In California, DUIs are generally charged under California Vehicle Code § 23152. DUIs are typically charged as two separate violations: Vehicle Code § 23152 (a) VC – the law that makes it a crime to operate a motor vehicle under the influence of alcohol or drugs – and Vehicle Code § 23152 (b) VC – the law that makes it a crime to operate a motor vehicle with a BAC of 0.08% or higher. These are two separate crimes that can arise from the same act, and individuals arrested for DUI in San Diego typically see both violations on their DUI ticket. Under California law, it is also a crime to operate a motor vehicle under the influence of drugs (Vehicle Code § 23152 (f) VC), under the combined influence of any alcoholic beverage and drug (Vehicle Code § 23152 (g) VC) or while addicted to the use of any drug (Vehicle Code § 23152 (c) VC).

What To Do After A DUI Arrest

Exercise Your Right To Remain Silent

Following a DUI arrest, you will probably feel confused, overwhelmed and unsure about your legal rights, and the police may try to take advantage of your situation by asking you questions about your DUI, hoping you say something that can be used against you. One of the most important things to remember is that you have the right to remain silent, which means you don’t have to answer any questions without an attorney present.

Contact An Experienced DUI Defense Lawyer

The police may try to convince you that they are on your side and only want to help, but keep in mind that the police have their own agenda. Their main objective is to gather evidence that the prosecution can use to get a guilty verdict at trial. Your best course of action after being arrested for DUI is to enlist the help of a DUI defense attorney, whose primary goal is to help you get the charges dropped. With an experienced lawyer in your corner, you can ensure that you understand your rights under the law and avoid making any mistakes that could end up hurting your case.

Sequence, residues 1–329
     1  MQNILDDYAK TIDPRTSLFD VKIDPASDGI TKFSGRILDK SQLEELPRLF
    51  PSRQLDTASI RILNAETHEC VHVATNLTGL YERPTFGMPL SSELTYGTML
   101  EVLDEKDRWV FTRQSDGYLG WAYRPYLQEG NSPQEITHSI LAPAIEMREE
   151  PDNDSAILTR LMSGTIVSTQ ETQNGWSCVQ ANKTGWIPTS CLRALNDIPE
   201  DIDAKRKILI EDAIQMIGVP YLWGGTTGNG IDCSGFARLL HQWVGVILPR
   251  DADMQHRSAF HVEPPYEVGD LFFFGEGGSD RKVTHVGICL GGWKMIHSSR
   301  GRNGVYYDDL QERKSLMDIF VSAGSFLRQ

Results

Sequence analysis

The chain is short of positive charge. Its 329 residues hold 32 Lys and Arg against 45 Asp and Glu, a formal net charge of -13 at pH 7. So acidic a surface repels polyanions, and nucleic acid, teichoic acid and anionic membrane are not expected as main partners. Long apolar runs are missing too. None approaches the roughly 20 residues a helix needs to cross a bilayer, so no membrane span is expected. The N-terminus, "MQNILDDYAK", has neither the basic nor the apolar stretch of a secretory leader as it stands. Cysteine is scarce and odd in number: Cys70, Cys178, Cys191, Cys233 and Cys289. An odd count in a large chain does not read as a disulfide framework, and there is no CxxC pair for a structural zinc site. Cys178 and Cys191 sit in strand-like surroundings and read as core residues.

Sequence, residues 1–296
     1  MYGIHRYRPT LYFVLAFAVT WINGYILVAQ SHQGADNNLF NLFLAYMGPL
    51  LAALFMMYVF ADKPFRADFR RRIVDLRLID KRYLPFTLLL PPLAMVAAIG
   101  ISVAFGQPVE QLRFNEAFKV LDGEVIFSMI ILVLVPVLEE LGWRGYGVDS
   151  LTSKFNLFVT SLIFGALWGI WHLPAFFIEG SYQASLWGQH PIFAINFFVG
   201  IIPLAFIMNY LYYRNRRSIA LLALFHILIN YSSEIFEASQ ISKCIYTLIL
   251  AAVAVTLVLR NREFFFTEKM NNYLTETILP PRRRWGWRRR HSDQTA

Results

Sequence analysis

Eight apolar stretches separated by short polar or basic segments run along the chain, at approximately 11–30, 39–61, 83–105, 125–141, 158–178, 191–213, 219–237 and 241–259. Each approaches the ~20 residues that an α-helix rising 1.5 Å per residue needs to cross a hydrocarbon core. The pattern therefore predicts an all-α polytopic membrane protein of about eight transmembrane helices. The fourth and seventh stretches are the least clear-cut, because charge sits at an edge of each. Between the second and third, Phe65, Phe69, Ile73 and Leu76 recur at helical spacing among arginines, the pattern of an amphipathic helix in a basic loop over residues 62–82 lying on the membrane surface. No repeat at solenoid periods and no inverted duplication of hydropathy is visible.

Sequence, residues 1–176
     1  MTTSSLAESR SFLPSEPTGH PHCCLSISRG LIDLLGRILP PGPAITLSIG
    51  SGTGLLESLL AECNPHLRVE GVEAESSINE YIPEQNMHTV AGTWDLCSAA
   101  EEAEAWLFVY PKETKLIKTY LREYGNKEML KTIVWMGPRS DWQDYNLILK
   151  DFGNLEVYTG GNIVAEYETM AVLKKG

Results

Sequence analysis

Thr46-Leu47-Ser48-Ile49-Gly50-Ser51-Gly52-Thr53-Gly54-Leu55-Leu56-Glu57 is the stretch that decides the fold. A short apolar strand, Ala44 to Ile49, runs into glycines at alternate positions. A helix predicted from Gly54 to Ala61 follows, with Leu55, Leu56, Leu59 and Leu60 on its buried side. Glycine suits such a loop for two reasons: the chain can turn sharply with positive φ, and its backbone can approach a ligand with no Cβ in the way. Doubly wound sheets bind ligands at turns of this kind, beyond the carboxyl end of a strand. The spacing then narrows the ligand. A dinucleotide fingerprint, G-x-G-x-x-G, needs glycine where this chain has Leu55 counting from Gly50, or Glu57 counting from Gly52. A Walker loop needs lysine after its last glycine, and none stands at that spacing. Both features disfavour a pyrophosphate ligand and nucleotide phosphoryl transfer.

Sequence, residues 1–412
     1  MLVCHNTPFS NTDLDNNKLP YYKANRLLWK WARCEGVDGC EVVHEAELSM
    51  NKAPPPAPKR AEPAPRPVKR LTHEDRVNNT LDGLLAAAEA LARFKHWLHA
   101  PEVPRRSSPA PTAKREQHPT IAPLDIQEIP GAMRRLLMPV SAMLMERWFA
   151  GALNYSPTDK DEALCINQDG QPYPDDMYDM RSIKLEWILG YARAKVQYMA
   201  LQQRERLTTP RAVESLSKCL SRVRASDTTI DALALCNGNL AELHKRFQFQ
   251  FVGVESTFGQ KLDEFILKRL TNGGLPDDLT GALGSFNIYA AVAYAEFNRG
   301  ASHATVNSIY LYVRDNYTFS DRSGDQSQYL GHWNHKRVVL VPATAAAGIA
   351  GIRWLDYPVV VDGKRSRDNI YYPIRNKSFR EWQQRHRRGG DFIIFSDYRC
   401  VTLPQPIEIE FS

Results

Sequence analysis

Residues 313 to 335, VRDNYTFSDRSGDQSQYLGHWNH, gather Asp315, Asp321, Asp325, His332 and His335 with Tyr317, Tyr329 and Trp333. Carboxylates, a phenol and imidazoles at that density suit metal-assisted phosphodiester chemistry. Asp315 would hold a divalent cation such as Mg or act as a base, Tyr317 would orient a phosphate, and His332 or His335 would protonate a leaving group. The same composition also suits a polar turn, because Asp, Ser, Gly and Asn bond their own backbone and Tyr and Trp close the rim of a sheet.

Anatomy Of A DUI Arrest

Most California DUI arrests begin with a traffic stop or a checkpoint. The officer asks you to perform a series of field sobriety tests and to blow twice into a handheld Breathalyzer, called a Preliminary Alcohol Screening (PAS) device. After the arrest, the cop usually will ask you to take a blood or breath test at the police station, jail or hospital (you’re required by law to take this test, and refusing the chemical test may result in tougher California DUI penalties and a one-year drivers license suspension).

For most misdemeanor DUI arrests, the police will release you within a few hours of arrest and booking (but for a felony DUI or accident case, you may have to post bail). Upon release, you should be given two documents: a citation to appear in court and a pink temporary license. The cops will usually take your California driver’s license and mail it to the DMV. If you’re from out of state and get a California DUI, the police here can’t take your physical license.

Starting in 2019, DUI arrestees can immediately apply for an IID-restricted license – IID is short for ignition interlock device, which is a Breathalyzer that keeps vehicles from starting if it detects alcohol. An IID-restricted license permits DUI arrestees to continue driving without limitations as long as they keep an IID in their cars. The length of time an IID-restricted license lasts depends on the defendant’s DUI history. (California Senate Bill 1046 (2018).

How Can An Attorney Help With My DMV Case?